Gojira's Rampage.

A matte of real buildings with people running in them seamlessly blend with the miniaturized monster.

The rest of the destruction scenes have a very heavy documentary style to them with shots peering out of windows or the sides of radio towers to catch a glimpse of the monster. In one shot, the camera takes on the P.O.V. of one of the spectators standing in the radio tower as the tower itself plunges to the ground after being bitten of by Gojira. And the editing is comparatively faster and therefore more overwhelming compared to its contemporaries, cutting to quick glances of families cowering behind building desperately trying to hide from the monster.

Fearful Mother.

A widow tries in vain to comfort her children during Gojira's rampage.

In the end, the monster seems to go back into the ocean on its own accord. Fighter jets come out at this point in a last-ditch effort to kill the monster, but the mythical Gojira beast that once plagued Otto Island simply ducks back under the water’s surface and disappears from the burning world it leaves behind.


The images of a destroyed Tokyo look eerily similar to the aftermath of the Hiroshima bombing.

Dead Mother.

The widow now lays dead in a makeshift hospital, surrounded by her sobbing children.

Old buildings are turned into hospitals as the flood of dying people fill the halls. Emiko and Ogata help the injured and comfort the children as their dead mothers are hauled away. Emiko finally snaps under the devestation of the situation and tells Ogata of Dr. Serizawa’s Oxygen Destroyer as being the only weapon that could destroy Gojira.

Ogata and Emiko tell Serizawa that his weapon is needed. Feeling betrayed, Serizawa refuses and attempts to destroy the plans to the weapon himself. He explains that until he find a medical use for the technology, that he doesn’t want this weapon to fall into the wrong hands.

A fight among the forward-thinking Ogata and the traditionally-minded Serizawa breaks out over the future of mankind. In the end, it is the woeful song dedicated to the dead that convinces Serizawa to go ahead and make his bomb one last time. He burn his blueprints and gets to work.

The enlarged bomb looks somewhat like an hourglass, possibly symbolizing the changing times in Japan from it’s traditions to the new Western ideas, as the young Ogata insists that he dive down from the boat with Dr. Serizawa to help plant the bomb. Dr. Yamane stands on the boat with his daughter, Emiko, as the two men dive down to bring an end to the horrors of the nuclear beast. Serizawa ignites the bomb and sends Ogata up to the boat. Serizawa then radios his last words to Ogata and commits suicide, taking his knowledge of the oxygen destroyer with him.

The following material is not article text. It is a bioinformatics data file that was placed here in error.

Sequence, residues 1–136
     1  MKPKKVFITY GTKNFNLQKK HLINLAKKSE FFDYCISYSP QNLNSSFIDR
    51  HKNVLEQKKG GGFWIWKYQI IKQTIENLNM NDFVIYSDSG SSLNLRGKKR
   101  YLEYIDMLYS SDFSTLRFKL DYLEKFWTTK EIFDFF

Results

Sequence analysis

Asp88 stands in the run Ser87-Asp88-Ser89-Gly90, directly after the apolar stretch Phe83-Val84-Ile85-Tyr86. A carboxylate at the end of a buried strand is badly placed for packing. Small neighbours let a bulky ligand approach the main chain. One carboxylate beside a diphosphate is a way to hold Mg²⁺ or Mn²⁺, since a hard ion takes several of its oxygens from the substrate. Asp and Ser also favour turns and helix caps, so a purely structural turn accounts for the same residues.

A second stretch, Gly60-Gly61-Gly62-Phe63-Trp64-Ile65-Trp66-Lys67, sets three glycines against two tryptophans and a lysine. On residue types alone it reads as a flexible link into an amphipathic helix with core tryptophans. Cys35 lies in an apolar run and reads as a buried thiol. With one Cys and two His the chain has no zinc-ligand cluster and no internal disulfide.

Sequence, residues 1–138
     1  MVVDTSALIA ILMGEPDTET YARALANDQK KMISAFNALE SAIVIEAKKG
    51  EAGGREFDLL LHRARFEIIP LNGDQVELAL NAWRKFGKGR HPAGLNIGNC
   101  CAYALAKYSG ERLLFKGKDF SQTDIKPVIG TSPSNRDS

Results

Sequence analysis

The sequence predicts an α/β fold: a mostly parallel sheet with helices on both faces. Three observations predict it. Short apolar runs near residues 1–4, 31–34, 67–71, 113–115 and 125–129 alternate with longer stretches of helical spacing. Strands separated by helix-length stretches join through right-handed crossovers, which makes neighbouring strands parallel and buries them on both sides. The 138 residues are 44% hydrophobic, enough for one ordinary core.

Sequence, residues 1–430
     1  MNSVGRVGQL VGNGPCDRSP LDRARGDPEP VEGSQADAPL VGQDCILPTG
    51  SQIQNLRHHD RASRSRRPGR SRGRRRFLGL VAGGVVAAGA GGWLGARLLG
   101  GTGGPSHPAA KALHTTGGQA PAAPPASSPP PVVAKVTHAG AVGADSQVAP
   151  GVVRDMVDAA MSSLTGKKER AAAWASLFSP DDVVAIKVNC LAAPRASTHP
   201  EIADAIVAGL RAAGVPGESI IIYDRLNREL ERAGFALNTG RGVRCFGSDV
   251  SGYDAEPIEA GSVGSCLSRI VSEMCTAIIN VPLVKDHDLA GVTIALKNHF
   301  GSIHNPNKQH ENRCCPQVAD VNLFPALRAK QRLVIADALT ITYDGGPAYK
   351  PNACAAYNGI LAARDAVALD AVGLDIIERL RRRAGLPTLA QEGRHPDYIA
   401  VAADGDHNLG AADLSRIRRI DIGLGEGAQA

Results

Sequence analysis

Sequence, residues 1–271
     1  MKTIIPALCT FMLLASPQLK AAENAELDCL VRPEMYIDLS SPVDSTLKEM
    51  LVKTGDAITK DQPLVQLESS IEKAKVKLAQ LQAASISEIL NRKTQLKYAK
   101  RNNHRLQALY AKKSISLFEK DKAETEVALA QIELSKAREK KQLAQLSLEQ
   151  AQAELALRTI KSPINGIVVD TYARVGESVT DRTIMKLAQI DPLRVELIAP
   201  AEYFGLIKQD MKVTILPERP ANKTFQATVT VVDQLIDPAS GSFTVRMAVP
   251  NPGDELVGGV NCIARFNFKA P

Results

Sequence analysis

Gojira's Body.

Gojira lays lifeless on the ocean floor...

Gojira's Bones.

...and dissolves into bones, which dissolve into nothingness.

In the end, the destruction of these horrors also seem to symbolize thee death of Japanese  tradition and scientific advancement. Dr. Yamane’s hope of finding the monster’s secret to survival of the Atom Bomb suffocates in the oxygen destroyer, Dr. Serizawa’s hopes of finding a medical use for his technology dies with him, the old Japanese traditions of family and marriage are left behind by Emiko and Ogata, and Dr. Yamane suggests that Japan will have to live in fear of this nuclear threat for the rest of its days.

But even though all of this, Dr. Serizawa’s last words he radioed to Ogata were a blessing on Emiko and Ogata’s future. “May you be happy together.”  There’s a passing of the torch from the old traditions to the new western thinking introduced to the Japanese through the nuclear holocaust symbolized through Gojira. Japan will never be the same again.

And Japan has never been the same since. Many of the cultural changes touched upon in Gojira found themselves fully fleshed out into a new, modernized Japan. Gojira has never been outdone as the most poignant monster movie ever made. The subtexts are strong, the emotions are there, and the horrors are very convincing. It’s American release featuring new scenes with Raymond Burr, entitled Godzilla: King of the Monsters, launched the mythical beast into international stardom and helped fuel the longest running film franchise of all time. Japan has since been open to business queues and ideas with the United States, a marriage that was brought to the forefront most recently with the Wachowski BrothersThe Matrix series, which used talents from both America and Japan together under a common idea to create a cohesive world for The Matrix Saga.


About Stefan D. Byerley
Stefan D. Byerley is an independent filmmaker and freelance visual artist currently residing in North Carolina. He likes detailed storytelling, intriguing imagery, massive bloody violence, crying at the movies, and long walks in the park during the Autumn season.